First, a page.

Tucked into the measure is a provision that gives TikTok's Beijing-based parent company, ByteDance, nine months to sell it or face a nationwide prohibition in the United States. The administration and a bipartisan group of lawmakers have called the social media site a growing national security concern, which ByteDance denies.

The bill includes about USD 26 billion in aid for Israel and about USD 1 billion in humanitarian relief for Palestinians in Gaza as the Israel-Hamas war continues. Biden said Israel must ensure the humanitarian aid for Palestinians in bill reaches the Hamas-controlled territory ''without delay''.

House Speaker Mike Johnson, R-La., delayed the aid package for months as members of his party's far right wing, including Reps. Marjorie Taylor Greene of Georgia and Thomas Massie of Kentucky, threatened to move to oust him if he allowed a vote to send more assistance to Ukraine. Those threats persist.

Donald Trump, the presumptive Republican presidential nominee, has complained that European allies have not done enough for Ukraine. While the former president stopped short of endorsing the funding package, his tone has shifted in recent days, acknowledging that Ukraine's survival is important to the United States.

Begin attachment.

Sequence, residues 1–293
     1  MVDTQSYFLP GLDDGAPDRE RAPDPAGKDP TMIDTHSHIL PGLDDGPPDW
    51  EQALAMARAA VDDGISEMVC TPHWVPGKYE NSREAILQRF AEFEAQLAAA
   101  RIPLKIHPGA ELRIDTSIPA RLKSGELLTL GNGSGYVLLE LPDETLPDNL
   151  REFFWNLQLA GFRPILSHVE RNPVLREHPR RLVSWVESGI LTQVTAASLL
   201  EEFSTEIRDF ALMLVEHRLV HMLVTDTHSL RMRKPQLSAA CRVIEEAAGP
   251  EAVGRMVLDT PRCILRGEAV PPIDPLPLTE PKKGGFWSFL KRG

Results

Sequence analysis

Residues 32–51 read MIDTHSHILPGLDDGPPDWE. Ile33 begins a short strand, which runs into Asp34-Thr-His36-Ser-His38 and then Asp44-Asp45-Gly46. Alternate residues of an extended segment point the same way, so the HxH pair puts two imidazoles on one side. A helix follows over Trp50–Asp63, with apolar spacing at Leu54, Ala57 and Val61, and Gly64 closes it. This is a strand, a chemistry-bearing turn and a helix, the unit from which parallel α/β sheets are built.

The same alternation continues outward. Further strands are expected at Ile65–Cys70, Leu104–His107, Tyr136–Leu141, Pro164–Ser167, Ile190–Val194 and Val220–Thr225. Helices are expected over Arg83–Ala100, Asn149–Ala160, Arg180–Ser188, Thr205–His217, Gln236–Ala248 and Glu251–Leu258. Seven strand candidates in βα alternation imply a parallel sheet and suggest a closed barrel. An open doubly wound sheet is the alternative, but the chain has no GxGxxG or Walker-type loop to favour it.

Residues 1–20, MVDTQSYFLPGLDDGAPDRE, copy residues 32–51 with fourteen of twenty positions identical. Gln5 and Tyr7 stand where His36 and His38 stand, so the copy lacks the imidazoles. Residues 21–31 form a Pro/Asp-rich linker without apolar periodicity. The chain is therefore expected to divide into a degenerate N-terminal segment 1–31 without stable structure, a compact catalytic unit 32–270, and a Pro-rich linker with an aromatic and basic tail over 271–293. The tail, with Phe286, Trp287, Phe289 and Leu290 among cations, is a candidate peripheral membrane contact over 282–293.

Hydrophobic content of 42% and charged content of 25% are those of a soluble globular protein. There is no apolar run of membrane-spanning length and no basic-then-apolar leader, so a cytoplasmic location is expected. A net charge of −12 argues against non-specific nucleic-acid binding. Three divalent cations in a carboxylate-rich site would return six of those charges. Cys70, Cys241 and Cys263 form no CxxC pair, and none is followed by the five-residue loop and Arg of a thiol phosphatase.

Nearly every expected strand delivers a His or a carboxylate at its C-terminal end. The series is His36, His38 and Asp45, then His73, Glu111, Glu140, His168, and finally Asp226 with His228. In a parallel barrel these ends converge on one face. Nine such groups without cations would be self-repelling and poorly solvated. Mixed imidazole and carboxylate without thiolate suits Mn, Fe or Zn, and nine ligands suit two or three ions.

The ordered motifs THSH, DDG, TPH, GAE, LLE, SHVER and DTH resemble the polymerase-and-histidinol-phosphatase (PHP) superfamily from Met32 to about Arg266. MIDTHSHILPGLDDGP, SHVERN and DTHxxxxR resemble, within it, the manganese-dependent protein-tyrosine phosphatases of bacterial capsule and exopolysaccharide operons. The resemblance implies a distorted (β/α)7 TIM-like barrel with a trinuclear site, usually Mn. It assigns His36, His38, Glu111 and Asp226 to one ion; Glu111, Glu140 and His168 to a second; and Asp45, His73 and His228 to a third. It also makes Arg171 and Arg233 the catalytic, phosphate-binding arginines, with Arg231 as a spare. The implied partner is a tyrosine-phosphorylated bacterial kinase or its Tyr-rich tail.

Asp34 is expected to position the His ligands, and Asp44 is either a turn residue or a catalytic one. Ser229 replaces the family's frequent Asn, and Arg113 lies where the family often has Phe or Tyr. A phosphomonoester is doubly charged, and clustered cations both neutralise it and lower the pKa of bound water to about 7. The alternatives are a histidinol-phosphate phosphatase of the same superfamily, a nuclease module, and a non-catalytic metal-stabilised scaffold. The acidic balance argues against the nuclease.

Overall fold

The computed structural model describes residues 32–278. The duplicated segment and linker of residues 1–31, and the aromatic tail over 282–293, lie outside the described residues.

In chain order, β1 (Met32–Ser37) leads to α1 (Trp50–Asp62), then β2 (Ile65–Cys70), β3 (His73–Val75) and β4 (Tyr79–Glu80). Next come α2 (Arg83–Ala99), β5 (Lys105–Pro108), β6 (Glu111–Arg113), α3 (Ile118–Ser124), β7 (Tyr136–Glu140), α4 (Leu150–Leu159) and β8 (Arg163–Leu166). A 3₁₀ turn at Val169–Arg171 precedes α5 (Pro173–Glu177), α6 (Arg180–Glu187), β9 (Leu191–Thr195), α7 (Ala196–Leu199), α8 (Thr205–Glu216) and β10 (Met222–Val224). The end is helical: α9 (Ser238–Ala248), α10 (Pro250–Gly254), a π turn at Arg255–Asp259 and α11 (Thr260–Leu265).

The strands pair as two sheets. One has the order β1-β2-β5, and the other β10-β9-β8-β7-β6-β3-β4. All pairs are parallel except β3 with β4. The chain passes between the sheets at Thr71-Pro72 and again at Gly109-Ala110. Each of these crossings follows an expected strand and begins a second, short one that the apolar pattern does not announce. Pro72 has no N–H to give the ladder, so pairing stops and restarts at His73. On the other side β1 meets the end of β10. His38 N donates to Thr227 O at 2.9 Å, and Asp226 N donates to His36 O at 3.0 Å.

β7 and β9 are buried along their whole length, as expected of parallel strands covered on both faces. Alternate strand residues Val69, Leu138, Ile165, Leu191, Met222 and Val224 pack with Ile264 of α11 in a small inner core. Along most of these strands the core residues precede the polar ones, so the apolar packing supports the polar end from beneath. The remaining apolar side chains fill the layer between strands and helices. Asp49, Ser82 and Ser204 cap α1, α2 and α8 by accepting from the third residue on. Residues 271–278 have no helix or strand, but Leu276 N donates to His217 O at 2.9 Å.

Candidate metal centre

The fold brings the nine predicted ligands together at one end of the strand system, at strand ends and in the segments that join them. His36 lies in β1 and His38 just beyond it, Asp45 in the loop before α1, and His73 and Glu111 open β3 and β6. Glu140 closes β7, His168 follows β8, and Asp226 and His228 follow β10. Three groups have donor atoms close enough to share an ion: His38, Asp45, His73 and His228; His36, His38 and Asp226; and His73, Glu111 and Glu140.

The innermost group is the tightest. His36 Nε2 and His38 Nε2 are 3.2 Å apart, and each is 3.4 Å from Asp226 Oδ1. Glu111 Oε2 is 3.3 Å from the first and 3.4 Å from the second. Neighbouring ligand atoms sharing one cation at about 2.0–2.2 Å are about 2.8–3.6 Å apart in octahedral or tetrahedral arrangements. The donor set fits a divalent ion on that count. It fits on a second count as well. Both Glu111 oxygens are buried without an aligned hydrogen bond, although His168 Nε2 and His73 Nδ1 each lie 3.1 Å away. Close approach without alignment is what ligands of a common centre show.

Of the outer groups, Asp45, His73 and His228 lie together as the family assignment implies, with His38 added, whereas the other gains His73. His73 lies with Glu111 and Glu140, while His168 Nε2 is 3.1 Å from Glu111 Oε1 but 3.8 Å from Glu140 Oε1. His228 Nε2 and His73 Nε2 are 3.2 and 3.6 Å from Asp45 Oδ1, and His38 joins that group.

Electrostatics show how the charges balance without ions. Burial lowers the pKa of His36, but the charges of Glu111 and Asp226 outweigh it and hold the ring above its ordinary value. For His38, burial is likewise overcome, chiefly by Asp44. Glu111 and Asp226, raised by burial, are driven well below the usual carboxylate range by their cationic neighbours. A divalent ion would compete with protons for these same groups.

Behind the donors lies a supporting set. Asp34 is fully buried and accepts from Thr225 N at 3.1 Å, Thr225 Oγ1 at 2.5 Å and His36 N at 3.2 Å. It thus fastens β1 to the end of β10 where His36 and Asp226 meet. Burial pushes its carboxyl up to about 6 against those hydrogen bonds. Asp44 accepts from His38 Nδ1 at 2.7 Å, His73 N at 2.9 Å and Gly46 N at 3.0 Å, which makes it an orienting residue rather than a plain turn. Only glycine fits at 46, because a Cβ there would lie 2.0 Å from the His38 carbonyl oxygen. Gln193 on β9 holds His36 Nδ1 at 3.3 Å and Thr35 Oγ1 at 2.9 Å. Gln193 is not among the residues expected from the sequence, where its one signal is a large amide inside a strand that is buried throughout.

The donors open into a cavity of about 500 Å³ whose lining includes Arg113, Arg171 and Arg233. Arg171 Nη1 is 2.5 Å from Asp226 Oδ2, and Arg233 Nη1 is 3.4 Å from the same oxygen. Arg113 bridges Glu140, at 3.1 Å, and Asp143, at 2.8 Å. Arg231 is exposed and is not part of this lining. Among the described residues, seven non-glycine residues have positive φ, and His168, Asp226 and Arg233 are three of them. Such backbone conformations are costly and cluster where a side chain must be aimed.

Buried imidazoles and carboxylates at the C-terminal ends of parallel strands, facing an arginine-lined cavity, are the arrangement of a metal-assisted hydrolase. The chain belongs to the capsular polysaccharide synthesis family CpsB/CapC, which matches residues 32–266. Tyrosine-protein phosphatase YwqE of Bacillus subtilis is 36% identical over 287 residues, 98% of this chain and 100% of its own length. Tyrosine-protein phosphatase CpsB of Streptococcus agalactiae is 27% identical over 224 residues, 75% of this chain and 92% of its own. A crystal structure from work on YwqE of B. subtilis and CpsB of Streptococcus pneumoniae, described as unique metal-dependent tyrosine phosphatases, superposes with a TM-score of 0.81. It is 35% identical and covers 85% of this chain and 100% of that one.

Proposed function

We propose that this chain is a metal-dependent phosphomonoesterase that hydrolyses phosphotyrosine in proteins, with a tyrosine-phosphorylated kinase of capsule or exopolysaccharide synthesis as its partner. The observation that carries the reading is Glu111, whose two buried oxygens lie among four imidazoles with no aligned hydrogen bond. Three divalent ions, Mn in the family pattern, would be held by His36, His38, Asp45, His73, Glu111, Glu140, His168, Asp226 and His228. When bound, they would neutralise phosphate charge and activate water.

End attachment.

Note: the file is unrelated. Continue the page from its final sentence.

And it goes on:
Many European leaders have long been nervous that a second Trump term would mean decreased US support for Ukraine and NATO. The European anxiety was heightened in February when Trump in a campaign speech warned NATO allies that he ''would encourage'' Russia to ''do whatever the hell they want'' to countries that do not meet defence spending goals if he returns to the White House.

It was a key moment in the debate over Ukraine spending. NATO Secretary-General Jens Stoltenberg quickly called out Trump for putting ''American and European soldiers at increased risk''. But in reality, the White House manoeuvering to win additional funding for Ukraine started months earlier.

Biden, the day after returning from a trip to Tel Aviv following Hamas militants' October 7 attack on Israel, used a prime-time address to make his pitch for the funding.

At the time, the House was in chaos because the Republican majority had been unable to select a speaker to replace Rep. Kevin McCarthy, R-Calif., who had been ousted weeks earlier at the urging of restive legislators on the right.

Far-right Republicans have adamantly opposed sending more money for Ukraine, with the war appearing to have no end in sight. Biden in August requested more than USD 20 billion to keep aid flowing into Ukraine, but the money was stripped out of a must-pass spending bill.

By late October, Republicans finally settled on Johnson, a low-profile Louisiana Republican whose thinking on Ukraine was opaque, to serve as the next speaker. Biden during his congratulatory call with Johnson urged him to quickly pass Ukraine aid and began a monthslong, largely behind-the-scenes effort to bring the matter to a vote.

In private conversations with Johnson, Biden and White House officials leaned into the stakes for Europe if Ukraine were to fall to Russia.

(This story has not been edited by Devdiscourse staff and is auto-generated from a syndicated feed.)